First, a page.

Fishermen talk of flouting rules during king run

Fishermen on the lower Yukon River will get the king salmon they
need to feed their families, even if it means getting a ticket or
going to jail, two Alaska Native leaders said.

State and federal wildlife managers tightened the rules on
subsistence fishing this summer, a “last-resort” decision to boost
the number of kings returning to spawning grounds, said Steve
Hayes, who manages the run for the Alaska Department of Fish and
Game.

The Yukon River management plan calls for no subsistence fishing
along the river during the first pulse of king salmon, as well as
sharply reduced fishing periods later in the run.

The first pulse traditionally accounts for about 25 percent of
the run, though that percentage has dropped in recent years.

That burst of kings, which usually passes the village of
Marshall in mid-June, is also when many families get the king
salmon they need for the year, said Nick P. Andrew Jr., executive
director for the Ohagamiut Traditional Council.

Many people in the lower Yukon area need the food badly because
they emptied their caches of subsistence-caught salmon, moose and
other food earlier than normal this year, he said.

High energy prices this winter – gasoline exceeded $7 a gallon
and people paid several hundred dollars a month to heat homes –
pinched wallets and made it difficult to buy store food, Andrew
said.

His family of seven ran out of salmon – the area’s most common
subsistence food – by January.

“I’m out of frozen salmon, I’m out of salmon strips, I’m out of
chum salmon dried fish,” he said.

In a letter published on Web sites owned by Alaska Newspapers
Inc. on Friday, Andrew said he and other fishermen plan to fish
during the first pulse.

“Please prepare to hear from us as we get ticketed in our
attempts to feed ourselves as our ancestors did,” he wrote.

“Right now, many families ran out of salmon (both dried and
frozen) because we had no choice but to fall back on all
subsistence foods all last winter as food and fuel prices
climbed.

“I am not afraid, I may get fined and perhaps jail.”

Reached in Marshall on Monday, Andrew said he hasn’t heard of
any organized effort to flout the rules. But he said several people
have told him they’ll fish during the planned closure.

Andrew called it an informal act of “civil disobedience.”

A cousin in a nearby village had recently called on the phone to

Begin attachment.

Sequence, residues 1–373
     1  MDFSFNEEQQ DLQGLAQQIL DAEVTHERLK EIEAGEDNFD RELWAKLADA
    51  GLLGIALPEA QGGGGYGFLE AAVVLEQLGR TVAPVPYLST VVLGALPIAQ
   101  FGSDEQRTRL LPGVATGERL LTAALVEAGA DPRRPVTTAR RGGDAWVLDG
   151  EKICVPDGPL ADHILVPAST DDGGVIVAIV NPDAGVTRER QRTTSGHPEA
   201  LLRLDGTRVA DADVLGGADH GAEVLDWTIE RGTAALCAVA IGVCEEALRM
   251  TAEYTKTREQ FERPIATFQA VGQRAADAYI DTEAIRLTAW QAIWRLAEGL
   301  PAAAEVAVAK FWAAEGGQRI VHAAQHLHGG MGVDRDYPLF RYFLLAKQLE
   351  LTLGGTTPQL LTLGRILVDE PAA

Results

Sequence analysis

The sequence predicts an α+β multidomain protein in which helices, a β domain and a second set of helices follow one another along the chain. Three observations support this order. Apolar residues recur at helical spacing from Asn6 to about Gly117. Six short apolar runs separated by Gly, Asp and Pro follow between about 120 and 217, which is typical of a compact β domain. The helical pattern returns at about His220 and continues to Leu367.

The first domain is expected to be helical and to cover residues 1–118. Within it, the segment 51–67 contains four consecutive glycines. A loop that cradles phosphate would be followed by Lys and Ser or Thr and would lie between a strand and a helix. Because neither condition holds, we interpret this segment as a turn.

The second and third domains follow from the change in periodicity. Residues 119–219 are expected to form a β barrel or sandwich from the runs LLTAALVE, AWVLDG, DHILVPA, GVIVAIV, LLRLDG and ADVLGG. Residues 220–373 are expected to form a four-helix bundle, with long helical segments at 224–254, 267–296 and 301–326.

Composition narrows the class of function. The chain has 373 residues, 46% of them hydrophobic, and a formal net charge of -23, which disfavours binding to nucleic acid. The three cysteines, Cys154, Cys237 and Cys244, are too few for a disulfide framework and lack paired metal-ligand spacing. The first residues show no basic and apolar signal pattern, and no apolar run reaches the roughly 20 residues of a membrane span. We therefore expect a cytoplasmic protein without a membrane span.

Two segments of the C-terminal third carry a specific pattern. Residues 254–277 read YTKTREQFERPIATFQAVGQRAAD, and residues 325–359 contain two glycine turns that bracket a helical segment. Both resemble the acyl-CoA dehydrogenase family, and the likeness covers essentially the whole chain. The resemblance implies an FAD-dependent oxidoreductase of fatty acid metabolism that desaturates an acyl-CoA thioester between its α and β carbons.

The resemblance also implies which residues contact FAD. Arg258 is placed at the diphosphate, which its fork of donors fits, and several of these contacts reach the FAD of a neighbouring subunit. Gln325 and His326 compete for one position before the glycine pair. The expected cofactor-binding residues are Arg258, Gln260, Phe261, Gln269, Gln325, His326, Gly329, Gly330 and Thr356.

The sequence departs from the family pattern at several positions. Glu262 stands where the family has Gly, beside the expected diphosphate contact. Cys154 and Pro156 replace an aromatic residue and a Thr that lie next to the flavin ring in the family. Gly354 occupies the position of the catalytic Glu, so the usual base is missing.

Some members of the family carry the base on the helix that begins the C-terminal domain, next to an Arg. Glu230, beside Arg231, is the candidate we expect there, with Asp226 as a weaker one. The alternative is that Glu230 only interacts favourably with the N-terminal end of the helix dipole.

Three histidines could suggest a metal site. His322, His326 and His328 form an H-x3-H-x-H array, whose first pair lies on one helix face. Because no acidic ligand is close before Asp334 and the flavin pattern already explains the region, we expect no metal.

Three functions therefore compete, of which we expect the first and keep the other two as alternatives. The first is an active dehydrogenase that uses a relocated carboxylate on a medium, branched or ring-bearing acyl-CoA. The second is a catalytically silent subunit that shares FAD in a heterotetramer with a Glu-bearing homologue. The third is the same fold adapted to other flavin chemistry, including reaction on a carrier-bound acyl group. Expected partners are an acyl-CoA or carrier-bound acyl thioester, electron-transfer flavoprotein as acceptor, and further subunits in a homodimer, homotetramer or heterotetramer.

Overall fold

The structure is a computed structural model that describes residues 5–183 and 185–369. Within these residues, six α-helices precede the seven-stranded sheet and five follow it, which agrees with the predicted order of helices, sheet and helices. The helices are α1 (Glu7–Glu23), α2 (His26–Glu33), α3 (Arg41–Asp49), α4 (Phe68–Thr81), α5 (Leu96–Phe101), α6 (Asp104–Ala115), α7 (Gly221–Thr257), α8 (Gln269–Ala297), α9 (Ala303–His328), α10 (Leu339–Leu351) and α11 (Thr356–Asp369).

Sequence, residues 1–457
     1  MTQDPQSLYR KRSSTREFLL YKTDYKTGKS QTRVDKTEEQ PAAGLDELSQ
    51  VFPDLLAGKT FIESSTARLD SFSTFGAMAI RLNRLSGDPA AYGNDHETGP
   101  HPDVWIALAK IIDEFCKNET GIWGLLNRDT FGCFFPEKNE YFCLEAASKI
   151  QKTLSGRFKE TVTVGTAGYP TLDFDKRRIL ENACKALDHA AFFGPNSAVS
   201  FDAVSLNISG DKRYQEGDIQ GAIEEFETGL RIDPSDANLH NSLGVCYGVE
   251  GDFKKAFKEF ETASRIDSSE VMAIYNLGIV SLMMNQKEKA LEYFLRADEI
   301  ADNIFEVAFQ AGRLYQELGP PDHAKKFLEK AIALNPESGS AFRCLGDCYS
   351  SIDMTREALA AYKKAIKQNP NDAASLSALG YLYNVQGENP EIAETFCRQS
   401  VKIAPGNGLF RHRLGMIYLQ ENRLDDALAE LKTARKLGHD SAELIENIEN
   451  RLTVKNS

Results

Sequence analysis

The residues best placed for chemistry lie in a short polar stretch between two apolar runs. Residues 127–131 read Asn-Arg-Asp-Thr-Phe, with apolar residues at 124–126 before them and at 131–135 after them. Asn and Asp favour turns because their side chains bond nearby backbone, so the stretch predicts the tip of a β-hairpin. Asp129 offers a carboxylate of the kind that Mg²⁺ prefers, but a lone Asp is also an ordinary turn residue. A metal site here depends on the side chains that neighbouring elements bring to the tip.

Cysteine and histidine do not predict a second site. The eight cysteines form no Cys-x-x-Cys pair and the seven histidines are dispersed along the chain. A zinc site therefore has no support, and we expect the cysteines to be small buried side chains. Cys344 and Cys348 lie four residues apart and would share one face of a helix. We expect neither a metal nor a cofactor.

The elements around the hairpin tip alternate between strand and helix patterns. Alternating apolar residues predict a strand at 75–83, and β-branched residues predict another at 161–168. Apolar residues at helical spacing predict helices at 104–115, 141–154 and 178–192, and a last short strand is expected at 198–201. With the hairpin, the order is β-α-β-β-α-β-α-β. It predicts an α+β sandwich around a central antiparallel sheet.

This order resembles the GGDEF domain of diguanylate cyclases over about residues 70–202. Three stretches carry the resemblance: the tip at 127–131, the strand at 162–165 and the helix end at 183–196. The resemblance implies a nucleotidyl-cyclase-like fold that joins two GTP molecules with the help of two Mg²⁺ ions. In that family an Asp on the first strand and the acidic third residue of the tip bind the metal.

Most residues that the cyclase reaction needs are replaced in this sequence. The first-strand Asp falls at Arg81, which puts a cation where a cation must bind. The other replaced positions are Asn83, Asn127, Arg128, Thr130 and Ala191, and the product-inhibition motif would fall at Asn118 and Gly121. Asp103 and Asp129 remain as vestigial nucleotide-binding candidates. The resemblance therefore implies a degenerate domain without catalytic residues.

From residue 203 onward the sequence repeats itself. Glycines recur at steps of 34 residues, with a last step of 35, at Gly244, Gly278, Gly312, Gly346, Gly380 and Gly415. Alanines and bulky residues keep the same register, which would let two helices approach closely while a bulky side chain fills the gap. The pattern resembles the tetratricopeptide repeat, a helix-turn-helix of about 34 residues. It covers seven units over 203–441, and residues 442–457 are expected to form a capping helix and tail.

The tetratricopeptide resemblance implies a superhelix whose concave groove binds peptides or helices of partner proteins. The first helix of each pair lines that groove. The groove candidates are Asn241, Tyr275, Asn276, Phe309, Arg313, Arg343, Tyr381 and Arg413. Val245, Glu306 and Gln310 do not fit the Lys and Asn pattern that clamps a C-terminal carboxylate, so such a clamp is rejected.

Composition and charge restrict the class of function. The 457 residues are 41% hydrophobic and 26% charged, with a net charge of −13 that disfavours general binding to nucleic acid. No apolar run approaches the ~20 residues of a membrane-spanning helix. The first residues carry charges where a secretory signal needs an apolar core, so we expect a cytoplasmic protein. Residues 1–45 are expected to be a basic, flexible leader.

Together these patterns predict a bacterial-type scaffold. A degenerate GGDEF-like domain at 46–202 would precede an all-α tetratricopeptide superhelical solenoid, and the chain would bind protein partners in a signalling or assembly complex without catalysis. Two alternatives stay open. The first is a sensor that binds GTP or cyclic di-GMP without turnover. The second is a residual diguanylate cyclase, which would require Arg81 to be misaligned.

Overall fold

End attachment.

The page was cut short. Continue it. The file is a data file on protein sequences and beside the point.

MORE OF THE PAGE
say he’s fishing during the first pulse.

“He’s caring for his elderly parents, as well as his family,”
Andrew said. “They need salmon. The first pulse, after a long
winter of struggles, it’s our godsend.”

Andrew said he’ll fish out of necessity, and to send a signal
that big business can’t shut down local fishermen.

Many villagers blame the huge pollock industry for the run’s
troubles, saying it mistakenly catches thousands of salmon in the
Bering Sea that should be bound for the Yukon. They’re mad state
officials haven’t done more to stop the problem.

In 2007, the pollock fleet caught a record 122,000 king salmon,
though the bycatch number was 20,000 last year. Studies have shown
that not all of the bycatch fish are headed to the Yukon River.

Yukon subsistence fishermen catch about 50,000 king salmon
yearly. Historically, about 250,000 kings return to the river, but
only about 160,000 have returned in each of the last two years.

A recent move by the North Pacific Fishery Management Council to
slap penalties on the pollock fleet for catching too many king
salmon didn’t go far enough, Andrew and others have said.

The penalties first must be approved by the secretary of the
U.S. Department of Commerce. That’s not expected until next
year.

Hayes said he understands the plight of the fishermen, but hopes
they can appreciate the run’s fragile situation and abide by the
rules. Fishery managers came up with the plan with input from
fishermen during meetings held last winter, he said. “We’ve done
all this work this winter about the run size and the importance of
meeting escapement goals,” he said. “We hope they’d follow the
reduced subsistence schedule.”

“We understand it’s unfortunate and it’s going to be a hardship,
but we are trying to protect the fish for the future,” he said.

Myron Naneng, head of the Association of Village Council
Presidents, the regional Native nonprofit that provides social
services in the area, said people should fish if they need to, even
if it means breaking the law.

“I’ve heard people say they’re going to fish if they need food,
and we can’t tell them they can’t,” he said.

The state management plan also calls for no commercial fishing
for Yukon kings, leaving people with few opportunities to make
money this summer, he said.

“The only store they can afford right now is the river,” he
said.

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